Tuesday, January 8th, 2019 by Ruthy Cardani
If you have bought an older home, chances are there isn't any house wrap underneath the siding. House wrap, otherwise known as a Weather Resistant Barrier (WRBs), is hung on the outside walls of the house before the finishing exterior portion is put on, whether that be siding, brick, stucco, ect. WRBs serve 3 purposes. It prevents moisture, inhibits mold, and helps prevent drafts. It has recently become code to put WRBs on any new construction building. Think about back in the old days in 1920 when insulation and housewrap didn't even exist. Talk about some drafty cold houses.
When used to slow winds, its job is to seal gaps and leaks in the OSB panels or plywood sheathing that makes up your home’s exterior walls. That keeps drafts from reaching your insulation and prevents heated and cooled air from seeping out through the walls. Although your siding is your home’s first defense against wind, many types have small gaps and cracks at the joints where siding panels line up. And that leads to air infiltration and seepage—the kinds of things that drive up energy costs.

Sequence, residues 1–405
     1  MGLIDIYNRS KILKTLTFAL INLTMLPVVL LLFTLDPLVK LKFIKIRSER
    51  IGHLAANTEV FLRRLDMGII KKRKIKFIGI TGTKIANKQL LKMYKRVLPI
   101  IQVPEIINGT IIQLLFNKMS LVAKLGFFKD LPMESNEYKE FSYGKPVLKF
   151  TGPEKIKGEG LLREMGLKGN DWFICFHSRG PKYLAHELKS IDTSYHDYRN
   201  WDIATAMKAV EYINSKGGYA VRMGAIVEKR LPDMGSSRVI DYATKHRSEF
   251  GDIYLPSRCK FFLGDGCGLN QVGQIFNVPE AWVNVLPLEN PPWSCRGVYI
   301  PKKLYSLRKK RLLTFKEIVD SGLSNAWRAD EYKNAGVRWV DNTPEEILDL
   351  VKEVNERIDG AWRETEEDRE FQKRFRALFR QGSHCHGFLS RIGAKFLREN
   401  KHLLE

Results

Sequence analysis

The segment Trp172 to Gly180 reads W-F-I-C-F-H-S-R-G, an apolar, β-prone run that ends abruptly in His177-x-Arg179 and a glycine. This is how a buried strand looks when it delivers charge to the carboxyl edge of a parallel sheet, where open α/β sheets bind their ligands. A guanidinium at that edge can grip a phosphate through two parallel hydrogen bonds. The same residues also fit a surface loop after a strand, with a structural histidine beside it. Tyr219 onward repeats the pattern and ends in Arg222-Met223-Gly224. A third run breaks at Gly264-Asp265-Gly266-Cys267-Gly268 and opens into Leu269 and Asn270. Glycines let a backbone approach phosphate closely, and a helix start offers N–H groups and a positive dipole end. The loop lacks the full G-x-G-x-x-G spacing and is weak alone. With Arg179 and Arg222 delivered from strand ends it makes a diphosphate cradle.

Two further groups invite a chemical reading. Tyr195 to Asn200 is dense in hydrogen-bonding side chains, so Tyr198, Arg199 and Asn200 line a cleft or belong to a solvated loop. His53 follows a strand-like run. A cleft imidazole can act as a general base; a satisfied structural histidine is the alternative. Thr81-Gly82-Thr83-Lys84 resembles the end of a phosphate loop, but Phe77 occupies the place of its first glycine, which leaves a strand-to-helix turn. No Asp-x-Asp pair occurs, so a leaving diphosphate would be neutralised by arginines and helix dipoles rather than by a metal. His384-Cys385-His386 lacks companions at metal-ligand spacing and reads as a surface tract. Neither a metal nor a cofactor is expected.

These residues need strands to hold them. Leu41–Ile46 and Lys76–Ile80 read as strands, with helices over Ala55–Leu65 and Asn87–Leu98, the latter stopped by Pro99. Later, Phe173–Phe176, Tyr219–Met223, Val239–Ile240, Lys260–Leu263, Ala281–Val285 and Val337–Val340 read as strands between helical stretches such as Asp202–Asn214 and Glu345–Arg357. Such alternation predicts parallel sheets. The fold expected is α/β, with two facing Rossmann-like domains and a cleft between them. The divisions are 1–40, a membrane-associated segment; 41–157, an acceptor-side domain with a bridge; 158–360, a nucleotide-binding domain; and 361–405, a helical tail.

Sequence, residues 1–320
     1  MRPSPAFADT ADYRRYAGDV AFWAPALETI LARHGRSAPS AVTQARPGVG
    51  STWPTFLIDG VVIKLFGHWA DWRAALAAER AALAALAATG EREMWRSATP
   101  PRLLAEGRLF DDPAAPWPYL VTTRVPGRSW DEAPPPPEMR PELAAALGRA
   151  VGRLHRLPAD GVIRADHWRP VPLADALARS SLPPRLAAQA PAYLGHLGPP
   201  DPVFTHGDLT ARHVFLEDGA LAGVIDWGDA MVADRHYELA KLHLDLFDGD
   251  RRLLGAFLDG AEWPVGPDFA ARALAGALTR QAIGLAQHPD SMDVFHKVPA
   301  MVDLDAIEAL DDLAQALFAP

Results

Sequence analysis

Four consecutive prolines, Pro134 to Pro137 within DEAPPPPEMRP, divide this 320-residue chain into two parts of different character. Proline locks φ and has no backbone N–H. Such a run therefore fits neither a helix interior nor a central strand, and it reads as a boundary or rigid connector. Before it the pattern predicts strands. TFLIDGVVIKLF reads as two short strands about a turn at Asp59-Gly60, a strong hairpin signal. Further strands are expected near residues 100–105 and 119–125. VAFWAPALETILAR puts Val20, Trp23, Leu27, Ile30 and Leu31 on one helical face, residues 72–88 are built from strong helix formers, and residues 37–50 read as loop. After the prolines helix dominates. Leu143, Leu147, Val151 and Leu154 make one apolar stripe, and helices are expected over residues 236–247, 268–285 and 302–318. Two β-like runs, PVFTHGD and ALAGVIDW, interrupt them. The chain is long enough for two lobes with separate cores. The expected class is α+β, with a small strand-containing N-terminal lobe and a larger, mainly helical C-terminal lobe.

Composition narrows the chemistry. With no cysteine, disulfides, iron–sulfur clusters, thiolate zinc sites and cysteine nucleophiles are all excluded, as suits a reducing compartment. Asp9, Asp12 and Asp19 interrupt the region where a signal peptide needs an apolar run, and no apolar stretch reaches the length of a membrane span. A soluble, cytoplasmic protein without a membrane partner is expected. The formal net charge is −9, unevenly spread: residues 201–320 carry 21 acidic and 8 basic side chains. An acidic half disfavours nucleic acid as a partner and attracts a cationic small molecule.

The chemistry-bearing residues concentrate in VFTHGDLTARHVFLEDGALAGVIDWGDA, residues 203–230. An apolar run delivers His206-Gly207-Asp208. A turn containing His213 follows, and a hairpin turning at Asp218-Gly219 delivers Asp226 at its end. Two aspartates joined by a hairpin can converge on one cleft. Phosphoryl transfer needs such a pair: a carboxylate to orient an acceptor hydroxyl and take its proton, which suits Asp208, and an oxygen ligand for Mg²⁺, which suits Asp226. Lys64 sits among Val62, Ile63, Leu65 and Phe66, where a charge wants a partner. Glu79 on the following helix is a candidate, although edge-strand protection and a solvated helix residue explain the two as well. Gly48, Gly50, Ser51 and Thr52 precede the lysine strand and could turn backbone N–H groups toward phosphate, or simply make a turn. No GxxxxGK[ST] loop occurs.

Moisture barrier housewraps do the same thing, but for rain, snow, and other outside moisture. They’re usually made with a permeable material that allows water vapor to travel through them—but keeps out water droplets. This helps them dry out quickly, and prevents problems from mold that can happen when water sits on the surface